Jane Eyre

by: Charlotte Brontë

Chapters 29-32

Quotes Chapters 29-32
“Mr. Rivers,” I said, turning to him and looking at him as he looked at me, openly and without indifference, “you and your sisters have done me a great service, the greatest man can do a fellow-being; you have rescued me, by your noble hospitality, from death. This benefit conferred gives you an unlimited claim on my gratitude, and a claim, to a certain extent, on my confidence. I will tell you as much of the history of the wanderer you have harbored as I can tell without compromising my own peace of mind—my own security”
“I mean now to open a second school, for girls. I have hired a building for the purpose, with a cottage of two rooms attached to it for the mistress’ house…Will you be this mistress?”…In truth it was humble—but then it was sheltered, and I wanted a safe asylum; it was plodding—but then, compared with that of a governess in a rich house, it was independent; and the fear of servitude with strangers entered my soul like iron; it was not ignoble—not unworthy—not mentally degrading. I made my decision.
Which is better? To have surrendered to temptation; listened to passion; made no painful effort—no struggle; but to have sunk down in the silken snare…But where am I wandering, and what am I saying, and, above all, feeling? Whether it is better, I ask, to be a slave in a fool’s paradise at Marseilles…or to be a village school-mistress, free and honest, in a breezy mountain nook in the healthy heart of England?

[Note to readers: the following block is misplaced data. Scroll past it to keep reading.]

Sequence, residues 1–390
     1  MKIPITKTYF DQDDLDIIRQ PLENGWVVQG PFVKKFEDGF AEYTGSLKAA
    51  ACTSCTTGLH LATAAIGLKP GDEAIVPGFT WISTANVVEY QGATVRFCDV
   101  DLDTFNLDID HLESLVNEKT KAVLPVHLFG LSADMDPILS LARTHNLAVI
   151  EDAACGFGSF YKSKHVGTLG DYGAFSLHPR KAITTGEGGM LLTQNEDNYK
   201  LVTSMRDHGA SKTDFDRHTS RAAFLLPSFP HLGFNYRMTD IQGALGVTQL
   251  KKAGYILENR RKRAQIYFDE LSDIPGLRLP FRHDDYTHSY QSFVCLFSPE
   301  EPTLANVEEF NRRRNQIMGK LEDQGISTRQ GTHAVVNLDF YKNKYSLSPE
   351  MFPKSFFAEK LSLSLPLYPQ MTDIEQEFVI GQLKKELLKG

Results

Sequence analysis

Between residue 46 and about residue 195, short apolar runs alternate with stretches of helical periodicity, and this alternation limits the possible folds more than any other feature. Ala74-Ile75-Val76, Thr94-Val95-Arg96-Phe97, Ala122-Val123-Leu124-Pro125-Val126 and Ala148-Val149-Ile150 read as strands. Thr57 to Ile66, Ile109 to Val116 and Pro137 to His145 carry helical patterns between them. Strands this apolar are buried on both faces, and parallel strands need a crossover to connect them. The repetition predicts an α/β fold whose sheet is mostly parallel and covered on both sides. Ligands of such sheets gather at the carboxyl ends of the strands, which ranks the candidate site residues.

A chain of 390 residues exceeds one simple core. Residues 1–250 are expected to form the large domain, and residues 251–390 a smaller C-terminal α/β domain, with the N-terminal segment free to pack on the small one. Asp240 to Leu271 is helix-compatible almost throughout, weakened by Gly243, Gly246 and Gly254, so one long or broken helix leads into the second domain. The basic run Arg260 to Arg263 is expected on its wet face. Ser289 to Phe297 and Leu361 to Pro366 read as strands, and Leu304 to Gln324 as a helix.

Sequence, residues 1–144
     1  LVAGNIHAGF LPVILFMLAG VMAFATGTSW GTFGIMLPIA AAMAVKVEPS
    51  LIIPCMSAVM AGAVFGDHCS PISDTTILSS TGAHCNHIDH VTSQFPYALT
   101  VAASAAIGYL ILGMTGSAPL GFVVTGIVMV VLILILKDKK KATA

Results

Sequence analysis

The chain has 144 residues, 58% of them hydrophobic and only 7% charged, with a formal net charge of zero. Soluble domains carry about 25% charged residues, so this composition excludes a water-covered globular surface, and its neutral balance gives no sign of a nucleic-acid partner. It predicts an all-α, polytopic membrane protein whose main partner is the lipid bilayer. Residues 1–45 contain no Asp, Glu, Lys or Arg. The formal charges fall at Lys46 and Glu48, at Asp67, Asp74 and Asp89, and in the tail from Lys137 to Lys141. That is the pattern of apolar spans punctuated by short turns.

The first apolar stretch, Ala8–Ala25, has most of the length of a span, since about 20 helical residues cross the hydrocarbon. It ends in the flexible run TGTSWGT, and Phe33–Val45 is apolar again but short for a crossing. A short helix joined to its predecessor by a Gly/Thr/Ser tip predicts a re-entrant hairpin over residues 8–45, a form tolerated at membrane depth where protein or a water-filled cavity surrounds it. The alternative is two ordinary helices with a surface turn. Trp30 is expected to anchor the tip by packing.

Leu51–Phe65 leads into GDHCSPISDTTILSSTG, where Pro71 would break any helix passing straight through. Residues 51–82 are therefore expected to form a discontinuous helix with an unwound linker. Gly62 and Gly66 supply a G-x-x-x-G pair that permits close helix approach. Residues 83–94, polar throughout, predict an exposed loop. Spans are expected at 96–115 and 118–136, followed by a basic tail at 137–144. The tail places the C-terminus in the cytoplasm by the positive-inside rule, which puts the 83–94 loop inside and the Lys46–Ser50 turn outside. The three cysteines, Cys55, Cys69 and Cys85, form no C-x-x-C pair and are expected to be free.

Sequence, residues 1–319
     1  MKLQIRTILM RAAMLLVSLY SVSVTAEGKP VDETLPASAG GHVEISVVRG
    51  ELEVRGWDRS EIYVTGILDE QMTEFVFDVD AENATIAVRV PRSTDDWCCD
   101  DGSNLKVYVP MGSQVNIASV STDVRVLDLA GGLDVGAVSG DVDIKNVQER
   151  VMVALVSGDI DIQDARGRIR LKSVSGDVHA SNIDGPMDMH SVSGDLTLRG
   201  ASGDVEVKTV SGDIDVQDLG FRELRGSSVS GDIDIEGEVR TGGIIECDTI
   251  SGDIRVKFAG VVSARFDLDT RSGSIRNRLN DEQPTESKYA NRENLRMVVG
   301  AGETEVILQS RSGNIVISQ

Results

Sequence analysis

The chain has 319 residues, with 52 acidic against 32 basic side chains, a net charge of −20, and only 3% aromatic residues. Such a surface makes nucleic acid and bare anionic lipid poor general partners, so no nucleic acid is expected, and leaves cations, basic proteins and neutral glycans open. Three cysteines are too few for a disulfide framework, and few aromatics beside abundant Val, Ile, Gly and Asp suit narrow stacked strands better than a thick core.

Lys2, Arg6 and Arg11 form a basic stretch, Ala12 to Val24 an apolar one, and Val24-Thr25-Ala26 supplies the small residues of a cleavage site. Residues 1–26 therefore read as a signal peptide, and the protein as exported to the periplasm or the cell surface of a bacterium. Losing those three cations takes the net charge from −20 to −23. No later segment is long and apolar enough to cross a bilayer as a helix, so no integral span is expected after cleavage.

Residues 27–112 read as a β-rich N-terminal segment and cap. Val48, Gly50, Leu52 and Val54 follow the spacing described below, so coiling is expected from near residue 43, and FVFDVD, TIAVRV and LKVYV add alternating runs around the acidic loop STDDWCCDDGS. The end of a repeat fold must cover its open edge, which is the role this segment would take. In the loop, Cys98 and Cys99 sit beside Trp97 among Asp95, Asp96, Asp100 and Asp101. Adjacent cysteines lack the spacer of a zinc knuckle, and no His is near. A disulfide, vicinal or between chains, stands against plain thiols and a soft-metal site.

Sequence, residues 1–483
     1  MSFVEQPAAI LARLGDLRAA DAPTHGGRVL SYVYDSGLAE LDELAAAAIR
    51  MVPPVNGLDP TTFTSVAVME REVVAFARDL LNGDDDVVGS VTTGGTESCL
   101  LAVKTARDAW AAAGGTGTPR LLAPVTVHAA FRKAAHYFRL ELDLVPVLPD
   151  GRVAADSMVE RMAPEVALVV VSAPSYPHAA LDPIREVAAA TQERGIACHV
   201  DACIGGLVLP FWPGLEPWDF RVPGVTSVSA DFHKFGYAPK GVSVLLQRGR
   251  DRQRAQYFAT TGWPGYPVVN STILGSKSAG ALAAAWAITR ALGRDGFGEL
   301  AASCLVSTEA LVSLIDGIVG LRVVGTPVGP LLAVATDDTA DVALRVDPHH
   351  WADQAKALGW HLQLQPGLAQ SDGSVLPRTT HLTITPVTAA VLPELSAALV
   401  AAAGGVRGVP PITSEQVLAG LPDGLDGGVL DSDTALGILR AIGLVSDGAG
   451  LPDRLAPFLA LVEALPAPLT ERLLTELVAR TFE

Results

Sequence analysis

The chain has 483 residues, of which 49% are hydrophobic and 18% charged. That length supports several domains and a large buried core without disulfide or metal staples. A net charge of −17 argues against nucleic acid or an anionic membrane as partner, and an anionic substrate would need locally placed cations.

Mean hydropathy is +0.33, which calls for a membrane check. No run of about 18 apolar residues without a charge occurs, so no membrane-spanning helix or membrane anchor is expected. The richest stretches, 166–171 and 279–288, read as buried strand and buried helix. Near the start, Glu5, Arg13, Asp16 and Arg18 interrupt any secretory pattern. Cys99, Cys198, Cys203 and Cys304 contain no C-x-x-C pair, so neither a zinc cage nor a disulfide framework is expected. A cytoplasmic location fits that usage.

To live amid general regard, though it be but the regard of working-people, is like “sitting in sunshine, calm and sweet;”…my heart far oftener swelled with thankfulness than sunk with dejection; and yet, reader, to tell you all, in the midst of this calm…after a day passed in honorable exertion among my scholars, an evening spent in drawing or reading contentedly alone—I used to rush into strange dreams at night…dreams where, amid unusual scenes…I still again and again met Mr. Rochester”
“You are original…and not timid. There is something brave in your spirit, as well as penetrating in your eye; but allow me to assure you that you partially misinterpret my emotions…When I color and when I shake before Miss Oliver, I do not pity myself. I scorn the weakness. I know it is ignoble—a mere fever of the flesh; not, I declare, a convulsion of the soul…Know me to be what I am—a cold, hard man.”